Specs on Five Northwest Pests

UI insect information

Published in the April 2009 Issue Published online: Apr 30, 2009 Ryan Hales
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At this time of year, the magazine has a focus on crop protection. The following information on five pests is from the University of Idaho "Identification Keys for Insect Pests in Pacific Northwest Field Crops." For more information on pests, visit www.extension.uidaho.edu.



Size: about 10 mm long, 9 mm wide
Color: yellowish with 10 black stripes on wing covers; cherry red larvae have black heads and feet
Hosts: potatoes, tomatoes, eggplant, nightshade


Size: about 2 mm long
Color: olive-green to black; orange or red band on back of abdomen
Time: from corn in fall to winter cereal crops
Hosts: cereals, corn, grasses, bird-cherry


Size: 2.5 to 3.5 mm long
Color: green
Disease: efficient transmitter of PVY, but not of PLRV
Damage: caused by the aphid's sucking plant sap; large populations predispose the plant to wilt and sunburn
Host: occurs on potatoes, but nightshade is the preferred host; apples, beans, clover, corn, nightshade, peas, pigweed, lambsquarters, shepherdspurse


Size: 1.5 to 2.5 mm long
Color: light yellowish-green, sometimes pinkish
Characteristics: small tubercles at the antennae base distinguish them from most other aphids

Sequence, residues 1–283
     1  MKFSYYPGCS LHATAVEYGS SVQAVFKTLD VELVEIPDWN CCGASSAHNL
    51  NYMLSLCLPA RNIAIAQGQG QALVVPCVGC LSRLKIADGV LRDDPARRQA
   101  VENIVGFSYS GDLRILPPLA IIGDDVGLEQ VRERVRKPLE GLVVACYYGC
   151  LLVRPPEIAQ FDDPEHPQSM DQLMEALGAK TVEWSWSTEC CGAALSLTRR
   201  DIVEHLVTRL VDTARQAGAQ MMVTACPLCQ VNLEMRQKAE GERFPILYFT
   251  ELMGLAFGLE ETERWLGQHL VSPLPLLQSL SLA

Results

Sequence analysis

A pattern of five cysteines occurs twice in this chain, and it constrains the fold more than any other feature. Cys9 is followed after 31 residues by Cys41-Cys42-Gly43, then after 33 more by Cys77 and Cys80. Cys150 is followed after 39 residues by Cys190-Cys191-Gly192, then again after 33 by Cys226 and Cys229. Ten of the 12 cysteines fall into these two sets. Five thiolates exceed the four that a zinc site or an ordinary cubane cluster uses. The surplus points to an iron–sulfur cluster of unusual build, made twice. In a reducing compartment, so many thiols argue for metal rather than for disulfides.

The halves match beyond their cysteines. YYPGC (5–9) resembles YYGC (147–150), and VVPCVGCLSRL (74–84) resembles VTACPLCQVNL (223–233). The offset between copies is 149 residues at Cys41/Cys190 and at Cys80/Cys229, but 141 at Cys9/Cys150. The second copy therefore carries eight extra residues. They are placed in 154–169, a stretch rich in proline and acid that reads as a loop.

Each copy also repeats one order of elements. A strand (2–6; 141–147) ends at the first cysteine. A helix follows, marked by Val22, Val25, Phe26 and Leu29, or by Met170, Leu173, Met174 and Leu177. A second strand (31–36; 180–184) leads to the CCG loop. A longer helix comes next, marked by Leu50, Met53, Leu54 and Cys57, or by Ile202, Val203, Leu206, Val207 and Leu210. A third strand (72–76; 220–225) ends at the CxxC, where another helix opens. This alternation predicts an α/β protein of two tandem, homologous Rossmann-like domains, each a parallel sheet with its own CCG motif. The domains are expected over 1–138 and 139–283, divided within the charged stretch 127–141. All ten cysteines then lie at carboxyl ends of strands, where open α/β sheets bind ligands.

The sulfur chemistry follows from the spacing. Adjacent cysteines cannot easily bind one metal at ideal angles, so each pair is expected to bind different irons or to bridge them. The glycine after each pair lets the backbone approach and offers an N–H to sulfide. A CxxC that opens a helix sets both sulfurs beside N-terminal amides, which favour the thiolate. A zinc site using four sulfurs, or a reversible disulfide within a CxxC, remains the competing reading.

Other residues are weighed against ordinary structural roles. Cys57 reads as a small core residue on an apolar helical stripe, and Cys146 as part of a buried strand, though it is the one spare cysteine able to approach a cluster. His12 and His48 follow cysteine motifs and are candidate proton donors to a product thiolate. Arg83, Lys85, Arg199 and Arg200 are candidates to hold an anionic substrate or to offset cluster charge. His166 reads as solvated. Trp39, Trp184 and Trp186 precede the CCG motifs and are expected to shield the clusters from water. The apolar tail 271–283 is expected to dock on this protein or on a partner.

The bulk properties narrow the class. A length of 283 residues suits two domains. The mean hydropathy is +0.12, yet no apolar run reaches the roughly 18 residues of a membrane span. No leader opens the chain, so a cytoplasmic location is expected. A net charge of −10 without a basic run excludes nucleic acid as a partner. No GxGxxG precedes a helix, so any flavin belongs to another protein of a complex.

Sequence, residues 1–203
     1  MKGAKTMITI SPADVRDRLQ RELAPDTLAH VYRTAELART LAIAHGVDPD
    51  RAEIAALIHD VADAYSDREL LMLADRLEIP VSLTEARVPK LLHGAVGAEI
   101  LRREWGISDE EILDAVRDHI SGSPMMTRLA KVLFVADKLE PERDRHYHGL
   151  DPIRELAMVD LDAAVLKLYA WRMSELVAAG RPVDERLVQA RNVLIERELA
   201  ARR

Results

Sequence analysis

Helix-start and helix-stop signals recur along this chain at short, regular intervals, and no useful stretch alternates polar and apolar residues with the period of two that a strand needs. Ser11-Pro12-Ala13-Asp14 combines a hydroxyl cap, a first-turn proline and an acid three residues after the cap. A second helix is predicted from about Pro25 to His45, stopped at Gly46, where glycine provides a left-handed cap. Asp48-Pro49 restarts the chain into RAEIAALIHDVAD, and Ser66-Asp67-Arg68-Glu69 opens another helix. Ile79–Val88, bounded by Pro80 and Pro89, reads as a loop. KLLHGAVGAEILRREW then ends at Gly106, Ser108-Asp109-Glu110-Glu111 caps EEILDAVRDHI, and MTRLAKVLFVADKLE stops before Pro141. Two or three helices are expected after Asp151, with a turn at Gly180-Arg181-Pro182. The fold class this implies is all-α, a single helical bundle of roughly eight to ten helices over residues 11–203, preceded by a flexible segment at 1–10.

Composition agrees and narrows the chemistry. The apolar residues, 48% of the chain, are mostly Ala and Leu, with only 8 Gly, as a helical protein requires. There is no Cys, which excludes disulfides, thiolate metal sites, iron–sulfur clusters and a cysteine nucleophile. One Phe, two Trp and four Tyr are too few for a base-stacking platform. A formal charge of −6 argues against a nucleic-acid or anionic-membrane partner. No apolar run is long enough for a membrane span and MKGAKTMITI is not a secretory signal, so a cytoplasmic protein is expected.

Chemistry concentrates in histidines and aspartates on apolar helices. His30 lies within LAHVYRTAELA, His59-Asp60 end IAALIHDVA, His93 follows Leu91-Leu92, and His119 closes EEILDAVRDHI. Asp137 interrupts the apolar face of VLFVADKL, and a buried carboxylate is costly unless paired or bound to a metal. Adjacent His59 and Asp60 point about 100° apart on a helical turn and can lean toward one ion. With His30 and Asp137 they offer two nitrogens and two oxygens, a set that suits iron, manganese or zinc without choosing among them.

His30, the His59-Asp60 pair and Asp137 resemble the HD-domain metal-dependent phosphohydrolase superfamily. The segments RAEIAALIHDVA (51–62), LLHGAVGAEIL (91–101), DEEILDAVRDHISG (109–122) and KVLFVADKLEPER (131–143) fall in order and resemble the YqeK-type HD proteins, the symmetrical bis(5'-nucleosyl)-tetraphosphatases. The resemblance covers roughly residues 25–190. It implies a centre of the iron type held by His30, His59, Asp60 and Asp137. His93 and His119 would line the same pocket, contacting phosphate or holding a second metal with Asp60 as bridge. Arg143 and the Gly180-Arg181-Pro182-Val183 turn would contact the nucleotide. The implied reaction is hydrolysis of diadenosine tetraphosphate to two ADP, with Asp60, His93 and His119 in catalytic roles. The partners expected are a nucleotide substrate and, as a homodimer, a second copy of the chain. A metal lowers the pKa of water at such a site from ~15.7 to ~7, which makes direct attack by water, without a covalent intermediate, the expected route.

Time: winged forms migrate from peach and apricot trees to several vegetable crops in the spring.
Diseases: efficient vector of several viruses such as Potato Leaf Roll Virus
Hosts: cabbage, eggplants, peppers, mustard, spinach, potatoes, tomatoes, peaches, prunes, apricots, sugarbeets


Size: 4 mm long
Color: green
Time: from May to September
Damage: stippling or speckling of the leaf surface
Hosts: potatoes, tomatoes, nightshade


The University of Idaho provides an online catalog with reference guides, such as the Pacific Northwest Insect Management Handbook, a series of three comprehensive handbooks, each more than 350 pages long, providing current, in-depth information on controlling weeds, insects and plant diseases in Pacific Northwest field, horticultural and other crops. The books are prepared by pest experts at the University of Idaho, Oregon State University and Washington State University and are updated annually. For ordering information, log onto www.extension.uidaho.edu. Photos courtesy of Miller Research and Oregon State University.